# Uniform random variable

I'm taking a course on probability theory. This is how my teacher has defined a uniform random variable:

Let $X$ be a random variable. We say $X$ is uniformly distributed in $(0,1)$ if for every $a,b \in\mathbb R$,

$P(a < X < b) =\lambda[(a,b)\cap (0,1)]$, where $\lambda$ is Lebesgue measure

I'm having trouble in understanding and applying this definition.

For example, I was doing the following question:

Let $U$ be a uniform random variable on $[0,1]$. Let $X=U^2$. Find distribution function of $X$.

What I tried:

$$\{X \leq x\} = \{U^2 \leq x\} = \{-\sqrt x \leq U \leq \sqrt x\}$$

So, $F(x)= P\{X \leq x\} = \lambda([-\sqrt x ,\sqrt x\,] \cap [0,1])$

Is this right?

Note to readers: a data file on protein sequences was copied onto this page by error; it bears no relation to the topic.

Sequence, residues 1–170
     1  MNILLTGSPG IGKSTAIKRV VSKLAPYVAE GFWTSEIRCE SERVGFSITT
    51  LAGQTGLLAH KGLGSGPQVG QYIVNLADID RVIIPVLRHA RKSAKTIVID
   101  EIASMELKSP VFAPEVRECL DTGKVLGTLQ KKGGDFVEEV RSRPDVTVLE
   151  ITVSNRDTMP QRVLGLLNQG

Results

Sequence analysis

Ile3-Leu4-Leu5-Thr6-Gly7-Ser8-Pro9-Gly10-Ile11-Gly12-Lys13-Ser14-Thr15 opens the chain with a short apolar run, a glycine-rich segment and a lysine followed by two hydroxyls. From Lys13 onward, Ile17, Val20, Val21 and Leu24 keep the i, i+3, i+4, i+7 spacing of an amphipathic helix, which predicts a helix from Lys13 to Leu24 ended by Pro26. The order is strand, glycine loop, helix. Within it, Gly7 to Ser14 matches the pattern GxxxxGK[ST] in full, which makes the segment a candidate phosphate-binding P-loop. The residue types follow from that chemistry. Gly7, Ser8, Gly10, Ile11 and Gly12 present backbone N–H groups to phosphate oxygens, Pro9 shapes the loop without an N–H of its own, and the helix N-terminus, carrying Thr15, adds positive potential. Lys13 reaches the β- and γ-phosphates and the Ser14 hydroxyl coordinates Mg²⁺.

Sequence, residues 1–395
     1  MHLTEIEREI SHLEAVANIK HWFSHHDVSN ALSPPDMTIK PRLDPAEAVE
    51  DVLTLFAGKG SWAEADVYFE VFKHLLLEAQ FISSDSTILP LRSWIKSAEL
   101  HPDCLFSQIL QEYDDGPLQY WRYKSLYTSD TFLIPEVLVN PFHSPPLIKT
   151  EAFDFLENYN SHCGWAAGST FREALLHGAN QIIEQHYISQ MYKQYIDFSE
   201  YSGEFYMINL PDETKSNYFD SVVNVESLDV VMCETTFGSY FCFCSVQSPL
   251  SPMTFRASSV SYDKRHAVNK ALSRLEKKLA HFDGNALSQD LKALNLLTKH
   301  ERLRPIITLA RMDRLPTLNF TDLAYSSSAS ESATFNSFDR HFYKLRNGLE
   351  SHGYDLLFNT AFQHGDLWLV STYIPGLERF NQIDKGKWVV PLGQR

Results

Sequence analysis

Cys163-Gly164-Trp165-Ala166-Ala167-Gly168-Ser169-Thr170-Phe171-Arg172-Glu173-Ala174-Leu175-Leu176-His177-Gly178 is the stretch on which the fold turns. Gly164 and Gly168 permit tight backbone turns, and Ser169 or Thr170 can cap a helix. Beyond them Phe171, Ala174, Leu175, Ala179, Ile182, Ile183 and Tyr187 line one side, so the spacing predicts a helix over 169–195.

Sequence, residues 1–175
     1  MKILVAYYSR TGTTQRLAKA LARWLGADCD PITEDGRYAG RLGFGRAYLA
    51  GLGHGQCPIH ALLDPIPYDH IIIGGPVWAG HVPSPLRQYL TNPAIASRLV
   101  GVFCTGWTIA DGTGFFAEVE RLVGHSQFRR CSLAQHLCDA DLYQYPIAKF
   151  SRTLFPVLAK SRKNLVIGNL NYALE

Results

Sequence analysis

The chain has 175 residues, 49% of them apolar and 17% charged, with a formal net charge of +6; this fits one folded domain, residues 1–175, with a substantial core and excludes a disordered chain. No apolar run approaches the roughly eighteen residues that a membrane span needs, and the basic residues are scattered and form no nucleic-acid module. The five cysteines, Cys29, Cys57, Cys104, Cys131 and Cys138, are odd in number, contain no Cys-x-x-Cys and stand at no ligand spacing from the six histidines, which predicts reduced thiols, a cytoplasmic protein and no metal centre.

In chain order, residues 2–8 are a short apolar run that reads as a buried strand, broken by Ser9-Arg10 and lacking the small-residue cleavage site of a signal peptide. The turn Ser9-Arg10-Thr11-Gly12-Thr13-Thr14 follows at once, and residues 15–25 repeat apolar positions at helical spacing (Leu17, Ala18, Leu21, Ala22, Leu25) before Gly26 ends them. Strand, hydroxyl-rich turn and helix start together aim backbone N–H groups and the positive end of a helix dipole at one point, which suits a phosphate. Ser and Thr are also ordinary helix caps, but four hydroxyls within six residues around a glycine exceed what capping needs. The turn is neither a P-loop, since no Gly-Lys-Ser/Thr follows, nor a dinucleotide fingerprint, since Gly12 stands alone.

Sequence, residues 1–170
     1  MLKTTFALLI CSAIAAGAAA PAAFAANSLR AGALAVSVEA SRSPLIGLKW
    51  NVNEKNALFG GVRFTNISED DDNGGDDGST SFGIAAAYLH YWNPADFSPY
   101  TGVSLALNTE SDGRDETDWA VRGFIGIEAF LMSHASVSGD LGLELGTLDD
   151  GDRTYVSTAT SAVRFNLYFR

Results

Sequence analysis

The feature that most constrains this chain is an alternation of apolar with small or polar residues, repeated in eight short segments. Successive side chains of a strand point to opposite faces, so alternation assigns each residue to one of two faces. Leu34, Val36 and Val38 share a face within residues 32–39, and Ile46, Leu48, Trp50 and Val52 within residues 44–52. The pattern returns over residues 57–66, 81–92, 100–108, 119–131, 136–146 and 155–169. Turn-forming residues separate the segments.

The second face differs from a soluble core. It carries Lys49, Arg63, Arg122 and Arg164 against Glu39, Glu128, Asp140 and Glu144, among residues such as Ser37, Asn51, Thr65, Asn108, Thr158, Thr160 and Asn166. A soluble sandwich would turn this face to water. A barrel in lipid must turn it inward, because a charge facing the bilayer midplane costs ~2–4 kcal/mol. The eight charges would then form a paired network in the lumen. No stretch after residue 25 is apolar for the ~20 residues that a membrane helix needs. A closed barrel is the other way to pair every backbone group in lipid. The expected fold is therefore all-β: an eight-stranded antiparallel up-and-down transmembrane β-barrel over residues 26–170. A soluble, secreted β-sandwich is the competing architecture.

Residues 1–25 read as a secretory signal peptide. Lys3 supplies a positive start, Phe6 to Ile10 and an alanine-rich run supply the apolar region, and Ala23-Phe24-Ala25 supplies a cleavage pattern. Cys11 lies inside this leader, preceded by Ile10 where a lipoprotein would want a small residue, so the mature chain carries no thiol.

• You're in the right direction, but not finished. What is $[-\sqrt x,\sqrt x] \cap [0,1]$? What is the measure of that set? So which function is $F$? – Mees de Vries Sep 5 '16 at 19:47
• $\sqrt x$ if 0<x<1 0 if x<0 or x>1 – Sahiba Arora Sep 5 '16 at 19:51
• Almost. Note that $F$ must be increasing, so we can't have $F(x) = 0$ for $x > 1$. – Mees de Vries Sep 5 '16 at 19:56
• Oh yes, my bad. F(x)=1 for x>1 – Sahiba Arora Sep 5 '16 at 19:57

It's ok, but since you know that $\Pr(U>0)=1$, I'd just write $0\le U \le \sqrt x$. Then of course, simplify the expression $\lambda([0,\sqrt x\,] \cap [0,1])$.